Hemp and russet mites are two of the pests that growers face nowadays that are particularly destructive and challenging to eradicate. A great number of species are host-specific and favor monocultural growth environments. Russet mites are difficult to see and reproduce quickly, but they lack the distinct webbing that distinguishes them from spider mites. They are mites from the Eriophyidae family that normally invade unseen and can amass a sizable population before harm symptoms become apparent.
Sanitation is essential in contaminated regions since these tiny insects can hitch rides to new locations on clothing, in cleared garbage, and even on other nuisance insects like aphids. Mite populations explode in hot, dry, windless weather, although they only feed on plants in protected, humid environments.
An incredibly tiny insect known as a russet mite frequently destroys cannabis plants. With human sight alone, these pests are invisible. Russet mites are difficult to identify until plants are severely damaged. The tomato mite is closely related to the russet mite, which is why both names are used interchangeably. They both belong to the family Eriophyidae.
Russet Mites Damage
Mites are cellular sap-suckers that feed on living things. Damage often starts at a plant’s base and progresses upward as it feeds. Yellowing and curling of lower leaves, leaf drooping, and discoloration of the stem are all signs of plant stress. Green growth and blooming slow down as the plant’s nutrients are sucked away. Little mites, in greater numbers, quickly colonized the entire plant.
A plant can be completely drained if mites are allowed to go unchecked. For cannabis plants still in their vegetative state, mite damage manifests as a gradual yellowing of the leaf margins that eventually reach the midrib. As the damage gets worse, the leaves start to look burned and necrotic. The leaves appear stunted, wrinkly, and coarse. These patterns are frequently mistaken for viruses, burnt fertilizer, or nutrient deficiencies.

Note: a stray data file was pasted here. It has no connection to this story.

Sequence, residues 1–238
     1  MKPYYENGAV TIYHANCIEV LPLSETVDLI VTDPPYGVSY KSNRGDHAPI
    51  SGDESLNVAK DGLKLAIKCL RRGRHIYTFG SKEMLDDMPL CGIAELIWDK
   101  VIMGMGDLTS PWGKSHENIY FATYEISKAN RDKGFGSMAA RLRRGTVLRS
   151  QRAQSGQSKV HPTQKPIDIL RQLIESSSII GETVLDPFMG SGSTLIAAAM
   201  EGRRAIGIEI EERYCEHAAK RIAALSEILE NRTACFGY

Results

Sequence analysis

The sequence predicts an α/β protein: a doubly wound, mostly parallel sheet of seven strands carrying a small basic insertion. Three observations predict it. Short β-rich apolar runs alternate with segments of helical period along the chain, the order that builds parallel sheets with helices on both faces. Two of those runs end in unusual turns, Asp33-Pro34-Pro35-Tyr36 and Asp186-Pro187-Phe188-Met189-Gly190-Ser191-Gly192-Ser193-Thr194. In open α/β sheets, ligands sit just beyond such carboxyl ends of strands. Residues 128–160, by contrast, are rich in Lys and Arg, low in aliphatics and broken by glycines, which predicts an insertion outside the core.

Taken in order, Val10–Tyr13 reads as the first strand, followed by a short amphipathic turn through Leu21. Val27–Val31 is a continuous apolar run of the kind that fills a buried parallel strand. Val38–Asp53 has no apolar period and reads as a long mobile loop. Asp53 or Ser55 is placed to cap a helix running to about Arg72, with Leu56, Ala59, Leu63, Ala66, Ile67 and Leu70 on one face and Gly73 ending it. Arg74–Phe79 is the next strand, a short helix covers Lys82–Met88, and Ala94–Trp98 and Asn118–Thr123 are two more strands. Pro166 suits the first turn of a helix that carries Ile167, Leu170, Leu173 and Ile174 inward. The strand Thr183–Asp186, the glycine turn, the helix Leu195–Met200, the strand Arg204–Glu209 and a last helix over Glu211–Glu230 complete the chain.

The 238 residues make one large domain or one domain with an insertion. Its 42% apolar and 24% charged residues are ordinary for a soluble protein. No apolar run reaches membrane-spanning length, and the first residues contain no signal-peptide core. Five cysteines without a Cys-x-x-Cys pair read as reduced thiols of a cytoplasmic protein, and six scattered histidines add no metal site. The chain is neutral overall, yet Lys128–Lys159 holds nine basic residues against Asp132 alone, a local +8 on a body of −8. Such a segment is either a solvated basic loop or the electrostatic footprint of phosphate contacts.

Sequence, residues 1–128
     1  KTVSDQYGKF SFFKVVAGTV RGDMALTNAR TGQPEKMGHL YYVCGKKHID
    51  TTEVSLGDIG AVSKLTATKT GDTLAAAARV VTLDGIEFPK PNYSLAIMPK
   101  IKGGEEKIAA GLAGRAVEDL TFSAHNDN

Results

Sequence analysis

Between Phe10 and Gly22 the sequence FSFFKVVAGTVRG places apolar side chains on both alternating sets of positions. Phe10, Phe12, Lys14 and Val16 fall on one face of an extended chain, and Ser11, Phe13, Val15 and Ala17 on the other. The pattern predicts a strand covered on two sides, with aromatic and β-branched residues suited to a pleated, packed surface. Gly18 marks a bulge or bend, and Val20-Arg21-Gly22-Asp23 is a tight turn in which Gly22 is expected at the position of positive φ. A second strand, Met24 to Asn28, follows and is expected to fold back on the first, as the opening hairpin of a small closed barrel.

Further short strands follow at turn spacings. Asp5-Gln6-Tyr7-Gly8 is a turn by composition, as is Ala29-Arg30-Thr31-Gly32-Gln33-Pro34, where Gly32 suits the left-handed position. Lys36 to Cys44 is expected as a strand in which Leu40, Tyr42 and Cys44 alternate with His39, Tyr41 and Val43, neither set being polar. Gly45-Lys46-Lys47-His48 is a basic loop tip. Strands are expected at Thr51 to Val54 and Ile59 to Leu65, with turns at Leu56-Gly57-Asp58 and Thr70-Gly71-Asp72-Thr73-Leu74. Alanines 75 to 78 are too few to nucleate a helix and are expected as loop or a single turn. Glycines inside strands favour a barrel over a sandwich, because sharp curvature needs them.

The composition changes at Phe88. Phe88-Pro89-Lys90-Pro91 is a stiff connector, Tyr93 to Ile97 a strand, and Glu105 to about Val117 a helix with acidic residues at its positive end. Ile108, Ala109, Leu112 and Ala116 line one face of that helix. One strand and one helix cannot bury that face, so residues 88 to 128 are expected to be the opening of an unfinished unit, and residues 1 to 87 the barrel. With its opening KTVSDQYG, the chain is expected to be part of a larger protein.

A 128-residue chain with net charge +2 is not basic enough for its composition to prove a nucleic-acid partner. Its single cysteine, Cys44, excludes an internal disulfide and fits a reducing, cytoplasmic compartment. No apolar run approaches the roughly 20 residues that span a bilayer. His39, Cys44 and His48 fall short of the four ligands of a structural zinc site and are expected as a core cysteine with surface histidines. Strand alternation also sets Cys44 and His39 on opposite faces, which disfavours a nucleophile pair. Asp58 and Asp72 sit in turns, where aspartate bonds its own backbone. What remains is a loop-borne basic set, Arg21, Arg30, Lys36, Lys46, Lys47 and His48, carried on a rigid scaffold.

The premature death of the plant’s pistils and the darkening of the flower buds are both caused by the russet mite. At the beginning of the flowering stage, the pistils have a light, lively color and are somewhat lengthy. When there is an infestation, the buds get smaller and turn brown.
Russet Mites Eggs
In the spring, russet mites lay transparent, spherical eggs. Following the hatching of their eggs, russet mites undergo two nymphal stages that mimic adulthood. It takes anywhere from eight to fifteen days to reach maturity, depending on the surroundings. When grouped, the adults look yellow and are very small. They have only two sets of legs, making them distinct from many other types of mites. The females spend the winter both within the stems of the damaged plants and at the joints of the plants. Mites complete their life cycle in just 8 days in conditions of high heat and humidity, producing many generations that overlap with one another throughout a single season.
Russet Mites Treatment
Preventative measures are the most effective forms of pest control for producers working both indoors and outdoors. For early detection, it is essential to often and carefully inspect the plants, especially the areas surrounding the leaves that are closest to the soil line outside or anywhere a plant is in bloom.
Russet mites can easily be the cause of what could seem to be magnesium and an iron shortage. In cases when there is uncertainty, it is best to alter the nutrient solutions or amend the soil, in addition to treating mites. Once the mites start producing eggs, finding and eliminating them within their first generation, which can last as little as a week under the correct circumstances, can stop a cascade of generations.
The introduction of beneficial nematodes at the onset of warmer soil temperatures and before planting can aid in the destruction of soil-based eggs and newly-hatched nymphs. If damage to the lowest leaves is noticed, the second application of nematodes delivered by vermiculite is advised. Despite the plants’ importance, a serious infestation may require discarding them. After thorough treatment, new plants can be planted. It is necessary to identify the source of the mite infestation to prevent the young plants from becoming contaminated.